Village and municipality
|Coordinates: 44°54′N 19°58′E / 44.900°N 19.967°ECoordinates: 44°54′N 19°58′E / 44.900°N 19.967°E|
|• Mayor||Siniša Đokić|
|• Municipality||488.72 km2 (188.70 sq mi)|
|• Village||19.27 km2 (7.44 sq mi)|
|Elevation||83 m (272 ft)|
|• Density||40/km2 (100/sq mi)|
|Time zone||UTC+1 (CET)|
|• Summer (DST)||UTC+2 (CEST)|
Pećinci (Serbian Cyrillic: Пећинци, pronounced [pětɕiːntsi]; Hungarian: Pecsince) is a village and municipality located in the Srem District of the autonomous province of Vojvodina, Serbia. The village has a population of 2,581 (2011), while Pećinci municipality has 19,720 inhabitants.
In Serbo-Croatian, the village is known as Pećinci (Пећинци), in Hungarian as Pecsince, in German as Petschinzi, in Slovak as Pečinci, and in Rusyn as Печинци. Its name derived from the Serbian word "peć/пећ" ("furnace" in English), or "petlja/петља" ("loop" or "noose" in English). The name of the village in Serbo-Croatian is plural.
The village was first time recorded by the sources in 1416. After that time, there were no other records about this settlement until 1702. The village was under Ottoman administration until the Treaty of Passarowitz (1718), when it passed to Habsburg monarchy. During Habsburg administration, it was part of the Habsburg Military Frontier. From 1848 to 1849, the village was part of Serbian Vojvodina, but was again included into Military Frontier in 1849. After abolishment of the frontier (in 1882), it was included into Syrmia County of Croatia-Slavonia, which was an autonomous kingdom within the Kingdom of Hungary and Austria-Hungary. According to the 1910 census, the village had a Serb ethnic majority.
In 1918, the village first became part of the State of Slovenes, Croats and Serbs, then part of the Kingdom of Serbia, and finally part of the newly formed Kingdom of Serbs, Croats and Slovenes (later renamed to Yugoslavia). From 1918 to 1922, the village was part of the Syrmia County, from 1922 to 1929 part of the Syrmia oblast, and from 1929 to 1941 part of the Danube Banovina. From 1941 to 1944, the village was occupied by the Axis Powers and was attached to Pavelić's Independent State of Croatia. Territory of present-day Pećinci municipality was an important center of partisan resistance movement and a partisan liberated territory was formed in this area during the war.
After the war, the village became part of Vojvodina, an autonomous province of the Socialist Republic of Serbia and Socialist Federative Republic of Yugoslavia. Until 1960, villages of present-day Pećinci municipality were part of the municipalities of Ruma, Stara Pazova and Zemun (village of Pećinci itself was part of Zemun municipality). A separate municipality of Pećinci was formed in 1960 and the village of Pećinci was chosen to be the municipal center because of its favorable traffic position.
Aside from the village of Pećinci, municipality includes the following villages:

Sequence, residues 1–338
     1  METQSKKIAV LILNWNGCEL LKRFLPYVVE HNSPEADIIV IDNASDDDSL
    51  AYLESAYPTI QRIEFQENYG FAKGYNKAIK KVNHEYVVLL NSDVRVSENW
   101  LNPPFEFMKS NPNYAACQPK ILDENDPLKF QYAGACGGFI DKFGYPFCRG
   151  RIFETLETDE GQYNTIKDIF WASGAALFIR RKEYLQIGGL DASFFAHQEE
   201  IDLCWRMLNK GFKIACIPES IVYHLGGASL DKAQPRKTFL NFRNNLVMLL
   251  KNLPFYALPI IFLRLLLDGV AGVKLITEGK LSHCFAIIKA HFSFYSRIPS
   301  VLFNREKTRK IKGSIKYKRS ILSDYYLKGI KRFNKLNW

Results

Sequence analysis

According to the 2011 census results, the municipality has 19,720 inhabitants.
All settlements in the municipality have an ethnic Serb majority. The ethnic composition of the municipality:
The following table gives a preview of total number of registered people employed in legal entities per their core activity (as of 2018):
|Agriculture, forestry and fishing||201|
|Mining and quarrying||4|
|Electricity, gas, steam and air conditioning supply||11|
|Water supply; sewerage, waste management and remediation activities||51|
|Wholesale and retail trade, repair of motor vehicles and motorcycles||1,934|
|Transportation and storage||400|
|Accommodation and food services||144|
|Information and communication||107|
|Financial and insurance activities||13|
|Real estate activities||4|
|Professional, scientific and technical activities||118|
|Administrative and support service activities||84|
|Public administration and defense; compulsory social security||162|
|Human health and social work activities||207|
|Arts, entertainment and recreation||32|
|Other service activities||52|
|Individual agricultural workers||393|
- ^ "Municipalities of Serbia, 2006". Statistical Office of Serbia. Retrieved 2010-11-28.
- ^ "2011 Census of Population, Households and Dwellings in the Republic of Serbia: Comparative Overview of the Number of Population in 1948, 1953, 1961, 1971, 1981, 1991, 2002 and 2011, Data by settlements" (PDF). Statistical Office of Republic Of Serbia, Belgrade. 2014. ISBN 978-86-6161-109-4. Retrieved 2014-06-27.
- ^ "2011 Census of Population, Households and Dwellings in the Republic of Serbia" (PDF). stat.gov.rs. Statistical Office of the Republic of Serbia. Retrieved 19 August 2017.
- ^ "ETHNICITY Data by municipalities and cities" (PDF). stat.gov.rs. Statistical Office of the Republic of Serbia. Retrieved 22 February 2018.
- ^ "MUNICIPALITIES AND REGIONS OF THE REPUBLIC OF SERBIA, 2019" (PDF). stat.gov.rs. Statistical Office of the Republic of Serbia. 25 December 2019. Retrieved 28 December 2019.